Modern marine carbonate sediments may be roughly grouped into three main classes: deep-water oozes, organic (“coral”) reefs and associated deposits, and continental shelf lime- sands and lime-muds; the last two overlap somewhat. Carbonate ooze covers vast areas on the bottoms of the three great oceans, especially in low latitudes where the water is less than 3 miles deep. Tests of pelagic foraminifera are the principal component of at least the purer oozes, though pteropod shells and coccoliths are locally important. Clayey carbonate ooze occurs in somewhat deeper water and also toward coasts where there is much terrigenous sediment; it is common in the deeper basins of the world’s mediterraneans. Such ooze probably did not form before the Cretaceous; the accessible geologic record apparently contains nothing like the ooze of the open ocean but may contain deposits like those in the modern mediterraneans.
Organic reefs are practically confined to low latitudes; atolls dot the open oceans but the largest reef areas are on continental margins, as in the East and West Indies. Here the reef deposits are associated with wide areas of shelf carbonate deposits, partly chemical but probably in larger part fragmental-organic. Deposits of this type, with local areas of reefs, have been common since the Middle Ordovician on shelves and in epeiric seas; before that, chemical precipitation probably played a relatively more important part.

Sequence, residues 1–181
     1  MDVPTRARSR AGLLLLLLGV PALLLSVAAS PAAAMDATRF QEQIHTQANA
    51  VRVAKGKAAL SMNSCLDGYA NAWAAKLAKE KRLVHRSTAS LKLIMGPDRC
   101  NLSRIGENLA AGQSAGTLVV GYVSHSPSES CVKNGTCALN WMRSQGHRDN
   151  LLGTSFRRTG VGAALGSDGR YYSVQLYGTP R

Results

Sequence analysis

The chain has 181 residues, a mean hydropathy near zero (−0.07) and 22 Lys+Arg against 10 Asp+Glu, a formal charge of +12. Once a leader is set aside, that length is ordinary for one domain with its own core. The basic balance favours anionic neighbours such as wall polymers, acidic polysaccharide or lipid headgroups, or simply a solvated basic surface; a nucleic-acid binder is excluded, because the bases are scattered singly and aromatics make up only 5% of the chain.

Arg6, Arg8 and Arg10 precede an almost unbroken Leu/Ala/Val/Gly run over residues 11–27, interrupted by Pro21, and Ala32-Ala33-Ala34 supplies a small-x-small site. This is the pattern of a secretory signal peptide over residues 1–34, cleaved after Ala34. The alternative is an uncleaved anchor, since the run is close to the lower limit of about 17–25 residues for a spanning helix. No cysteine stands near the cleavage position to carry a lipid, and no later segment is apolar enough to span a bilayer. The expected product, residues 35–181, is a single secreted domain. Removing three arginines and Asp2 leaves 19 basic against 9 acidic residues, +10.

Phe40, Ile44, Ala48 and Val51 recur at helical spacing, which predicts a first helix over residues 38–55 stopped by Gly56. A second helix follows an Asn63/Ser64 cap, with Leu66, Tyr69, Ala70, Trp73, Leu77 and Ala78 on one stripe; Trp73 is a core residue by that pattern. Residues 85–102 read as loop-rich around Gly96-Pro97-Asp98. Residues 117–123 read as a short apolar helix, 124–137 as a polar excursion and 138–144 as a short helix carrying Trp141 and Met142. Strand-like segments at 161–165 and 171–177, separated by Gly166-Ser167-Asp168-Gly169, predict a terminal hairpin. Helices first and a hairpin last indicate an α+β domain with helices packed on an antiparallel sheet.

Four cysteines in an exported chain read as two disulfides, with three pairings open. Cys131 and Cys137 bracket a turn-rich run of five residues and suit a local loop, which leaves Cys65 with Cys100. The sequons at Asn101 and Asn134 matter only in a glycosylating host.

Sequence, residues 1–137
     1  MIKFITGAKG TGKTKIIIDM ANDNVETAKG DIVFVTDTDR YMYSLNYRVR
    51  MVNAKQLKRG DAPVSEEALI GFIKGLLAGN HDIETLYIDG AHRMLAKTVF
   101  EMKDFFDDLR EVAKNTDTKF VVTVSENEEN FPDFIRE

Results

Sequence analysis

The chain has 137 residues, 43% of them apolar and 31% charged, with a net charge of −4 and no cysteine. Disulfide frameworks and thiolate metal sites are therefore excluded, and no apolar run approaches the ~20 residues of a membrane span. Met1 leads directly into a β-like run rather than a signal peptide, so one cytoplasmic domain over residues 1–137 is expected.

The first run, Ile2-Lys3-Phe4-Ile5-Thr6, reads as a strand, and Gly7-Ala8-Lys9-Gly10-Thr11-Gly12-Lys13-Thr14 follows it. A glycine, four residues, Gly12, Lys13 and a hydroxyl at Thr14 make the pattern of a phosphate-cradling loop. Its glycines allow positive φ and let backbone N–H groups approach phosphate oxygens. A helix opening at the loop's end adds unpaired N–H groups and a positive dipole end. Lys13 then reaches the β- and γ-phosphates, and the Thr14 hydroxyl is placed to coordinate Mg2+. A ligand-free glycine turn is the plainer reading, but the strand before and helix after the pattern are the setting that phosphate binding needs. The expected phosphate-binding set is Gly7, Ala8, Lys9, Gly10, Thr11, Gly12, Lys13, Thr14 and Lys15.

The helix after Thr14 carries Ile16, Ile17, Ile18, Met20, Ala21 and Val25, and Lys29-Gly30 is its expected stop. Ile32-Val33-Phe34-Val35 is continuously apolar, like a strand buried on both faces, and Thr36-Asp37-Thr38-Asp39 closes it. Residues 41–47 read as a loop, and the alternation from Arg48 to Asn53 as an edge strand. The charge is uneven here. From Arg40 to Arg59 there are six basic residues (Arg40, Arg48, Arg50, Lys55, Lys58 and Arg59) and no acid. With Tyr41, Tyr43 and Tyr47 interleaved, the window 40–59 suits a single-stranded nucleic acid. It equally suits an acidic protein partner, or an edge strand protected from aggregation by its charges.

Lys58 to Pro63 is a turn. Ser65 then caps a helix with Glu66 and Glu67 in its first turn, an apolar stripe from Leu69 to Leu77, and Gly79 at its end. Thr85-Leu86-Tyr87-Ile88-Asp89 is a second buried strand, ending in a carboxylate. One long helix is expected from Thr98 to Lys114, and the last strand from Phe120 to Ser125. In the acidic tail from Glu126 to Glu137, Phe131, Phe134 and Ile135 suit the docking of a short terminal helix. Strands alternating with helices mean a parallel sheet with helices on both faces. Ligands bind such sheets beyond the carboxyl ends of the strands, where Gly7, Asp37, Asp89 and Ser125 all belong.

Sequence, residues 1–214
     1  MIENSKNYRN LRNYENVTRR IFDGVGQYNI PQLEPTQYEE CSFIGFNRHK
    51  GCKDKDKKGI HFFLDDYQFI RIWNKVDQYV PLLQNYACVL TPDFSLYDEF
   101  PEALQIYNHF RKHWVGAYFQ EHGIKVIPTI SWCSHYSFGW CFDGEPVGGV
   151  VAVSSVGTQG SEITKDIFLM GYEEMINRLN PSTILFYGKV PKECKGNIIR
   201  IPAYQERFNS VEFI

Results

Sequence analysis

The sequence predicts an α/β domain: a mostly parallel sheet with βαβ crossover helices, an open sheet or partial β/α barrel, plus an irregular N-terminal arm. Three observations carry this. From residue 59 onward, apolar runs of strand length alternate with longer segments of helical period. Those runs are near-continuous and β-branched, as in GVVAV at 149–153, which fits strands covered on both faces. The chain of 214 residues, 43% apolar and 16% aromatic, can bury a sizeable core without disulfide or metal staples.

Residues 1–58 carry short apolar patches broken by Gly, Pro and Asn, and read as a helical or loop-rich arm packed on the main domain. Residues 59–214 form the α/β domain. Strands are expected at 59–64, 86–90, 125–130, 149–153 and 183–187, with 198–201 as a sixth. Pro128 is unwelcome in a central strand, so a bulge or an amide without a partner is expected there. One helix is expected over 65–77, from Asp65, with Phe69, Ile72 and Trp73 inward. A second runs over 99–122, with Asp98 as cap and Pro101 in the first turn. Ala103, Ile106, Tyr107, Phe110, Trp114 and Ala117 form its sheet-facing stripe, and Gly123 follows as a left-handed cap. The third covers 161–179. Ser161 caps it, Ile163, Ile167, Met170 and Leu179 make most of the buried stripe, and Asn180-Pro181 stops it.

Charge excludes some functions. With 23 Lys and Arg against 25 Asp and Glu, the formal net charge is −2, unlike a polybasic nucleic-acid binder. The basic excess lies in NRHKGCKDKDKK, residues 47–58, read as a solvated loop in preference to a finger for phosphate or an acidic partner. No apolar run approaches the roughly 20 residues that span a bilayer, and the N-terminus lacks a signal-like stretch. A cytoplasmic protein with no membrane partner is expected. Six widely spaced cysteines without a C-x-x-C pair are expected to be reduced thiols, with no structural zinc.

Calcium carbonate has been deposited in great volume since far back in the Precambrian, but the evolution of organisms lias twice changed the dominant kind of deposit. With the evolution of benthonic shellfish in the early Paleozoic, chemical deposits gave way in large part to shallow-water organic deposits. With the evolution of pelagic foraminifera in the Cretaceous, deep-sea oozes became important, interfering with the previous balance between ocean and continent by withdrawing CaC03 from circulation. Apparently, shallow-water carbonate deposits were more common during the late Precambrian, Paleozoic, and Mesozoic than during the Cenozoic or today.
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Regional Aspects of Carbonate Deposition
It was customary during many recent years for the Research Committee of the Society of Economic Paleontologists and Mineralogists (SEPM) to sponsor research symposia on special topics at the annual meetings. In addition to the regular Research Committee Symposium presented in 1954 at the St. Louis meeting, a special symposium was also held on Regional Aspects of Carbonate Deposition. This carbonate symposium was organized in response to a special request by H. N. Fisk, who was president of SEPM at that time. During the symposium, special question cards were distributed to the audience and collected after each paper. These questions, together with questions and comments from the floor, formed the basis for the Panel Discussion which followed the symposium. The panel consisted of Moore, Ginsburg, Rodgers, and Walter Bucher, who presented the paper on the Bahamas in the absence of Newell. In addition, two authorities in the field of carbonate deposition, L. V. Illing and R. W. Fairbridge, were invited to join the panel and participate in the discussion.